Bastiat’s original parable of the broken window from Ce qu’on voit et ce qu’on ne voit pas [That Which is Seen, and That Which is Not Seen] (1850) – translated by Patrick James Stirling

Have you ever witnessed the anger of the good shopkeeper, James Goodfellow, when his careless son has happened to break a pane of glass? If you have been present at such a scene, you will most assuredly bear witness to the fact that every one of the spectators, were there even thirty of them, by common consent apparently, offered the unfortunate owner this invariable consolation – “It is an ill wind that blows nobody good. Everybody must live, and what would become of the glaziers if panes of glass were never broken?”

Now, this form of condolence contains an entire theory, which it will be well to show up in this simple case, seeing that it is precisely the same as that which, unhappily, regulates the greater part of our economical institutions.

Suppose it cost six francs to repair the damage, and you say that the accident brings six francs to the glazier’s trade – that it encourages that trade to the amount of six francs – I grant it; I have not a word to say against it; you reason justly. The glazier comes, performs his task, receives his six francs, rubs his hands, and, in his heart, blesses the careless child. All this is that which is seen.

But if, on the other hand, you come to the conclusion, as is too often the case, that it is a good thing to break windows, that it causes money to circulate, and that the encouragement of industry in general will be the result of it, you will oblige me to call out, “Stop there! Your theory is confined to that which is seen; it takes no account of that which is not seen.”

It is not seen that as our shopkeeper has spent six francs upon one thing, he cannot spend them upon another. It is not seen that if he had not had a window to replace, he would, perhaps, have replaced his old shoes, or added another book to his library. In short, he would have employed his six francs in some way, which this accident has prevented.

The key here is that each of us only has so much money.  Relative to my post on 31 March 2013 – giving my wife’s money to the Federal Government so they may distribute it at will to whomever they please may sound good on the surface.  All those “poor” people so in “need” of our help. However, this creates problems on two fronts.  One, we have less money to give to charities of OUR choice.  Individuals that would benefit from our contributions must now look elsewhere – the consequence therefrom means there are even MORE people that look to the government for assistance.  This is not to mention the expensive bureaucracy created to redistribute all this wealth.  Bureaucracies without which most charities seem to be able to operate just fine.  Second, we have less to spend on those things WE may need or want.  Lacking things we need creates problems for others (grocers, power company employees, etc.), but even more of a problem for us (food, water, lights, heat, etc. are important to us… go figure).  Lacking those things we want creates problems for others as well.  Just as in the parable above, the six francs that went to the glazier are six francs we cannot give to the carpenter for a new chair or table, or the shopkeeper for a new lamp or television or whatnot.  I don’t care if it is of the yacht builder we speak.  Billionaires that own yachts contribute significantly to the economy.  Yachts are expensive to buy (not to mention to operate).  Consider all those men and women that build and operate yachts and support systems therefore, they have families too!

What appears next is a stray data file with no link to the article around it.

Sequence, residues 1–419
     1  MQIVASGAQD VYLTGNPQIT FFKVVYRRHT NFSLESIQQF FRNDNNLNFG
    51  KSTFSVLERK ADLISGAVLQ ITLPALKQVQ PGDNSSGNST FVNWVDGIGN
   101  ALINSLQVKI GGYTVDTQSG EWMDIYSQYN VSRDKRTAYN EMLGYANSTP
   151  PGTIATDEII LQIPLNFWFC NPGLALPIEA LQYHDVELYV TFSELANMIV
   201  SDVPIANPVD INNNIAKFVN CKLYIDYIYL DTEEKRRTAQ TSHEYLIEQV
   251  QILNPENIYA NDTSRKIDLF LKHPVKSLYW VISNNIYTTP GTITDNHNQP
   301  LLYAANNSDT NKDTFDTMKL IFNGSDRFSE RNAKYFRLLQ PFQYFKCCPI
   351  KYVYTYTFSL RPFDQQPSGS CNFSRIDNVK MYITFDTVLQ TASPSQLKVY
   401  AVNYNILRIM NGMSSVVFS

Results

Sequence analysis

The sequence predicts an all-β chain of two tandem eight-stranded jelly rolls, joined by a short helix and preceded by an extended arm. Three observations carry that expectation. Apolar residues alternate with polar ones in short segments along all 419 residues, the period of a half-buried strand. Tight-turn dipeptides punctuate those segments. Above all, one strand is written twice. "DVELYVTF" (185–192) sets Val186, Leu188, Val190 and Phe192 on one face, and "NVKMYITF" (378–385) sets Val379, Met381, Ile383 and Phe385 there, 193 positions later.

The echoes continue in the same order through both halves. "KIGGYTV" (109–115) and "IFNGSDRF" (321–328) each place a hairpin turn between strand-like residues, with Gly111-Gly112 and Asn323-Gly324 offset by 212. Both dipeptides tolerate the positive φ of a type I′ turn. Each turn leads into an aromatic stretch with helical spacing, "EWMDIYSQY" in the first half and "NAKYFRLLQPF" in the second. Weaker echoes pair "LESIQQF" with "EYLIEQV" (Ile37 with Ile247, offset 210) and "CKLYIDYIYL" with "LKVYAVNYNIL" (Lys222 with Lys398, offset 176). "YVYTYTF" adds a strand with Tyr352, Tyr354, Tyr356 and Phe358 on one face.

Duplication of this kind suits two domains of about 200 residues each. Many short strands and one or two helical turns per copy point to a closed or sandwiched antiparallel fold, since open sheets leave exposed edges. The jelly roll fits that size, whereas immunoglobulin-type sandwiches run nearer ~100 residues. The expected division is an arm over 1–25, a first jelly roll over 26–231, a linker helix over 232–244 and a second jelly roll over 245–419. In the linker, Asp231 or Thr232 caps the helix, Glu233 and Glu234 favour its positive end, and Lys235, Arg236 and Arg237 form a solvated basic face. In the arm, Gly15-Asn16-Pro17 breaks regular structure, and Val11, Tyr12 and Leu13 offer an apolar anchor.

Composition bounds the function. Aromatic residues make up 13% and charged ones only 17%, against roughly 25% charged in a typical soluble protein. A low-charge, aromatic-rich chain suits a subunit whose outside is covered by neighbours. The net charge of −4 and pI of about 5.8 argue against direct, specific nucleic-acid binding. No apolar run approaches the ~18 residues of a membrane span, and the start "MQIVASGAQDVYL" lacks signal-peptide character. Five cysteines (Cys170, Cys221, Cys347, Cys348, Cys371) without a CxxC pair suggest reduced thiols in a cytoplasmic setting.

I could go on and on about this concern.  Suffice it to say, from a total economic picture, money is NOT limited (as some would have you believe).  Yet, on an individual level it is.  The more government takes from its people the less they have to support their fellow citizens.  Allowing us to spend according to our individual need/want creates an economy that will support all.  Taking and creating a dependent underclass only depresses the economy and our country that much further.  It is your choice.  Consider it next time you have a decision to make regarding who will run your country.

>>> The day is at a close, the night is drawing in and my cigar awaits – ’til next time…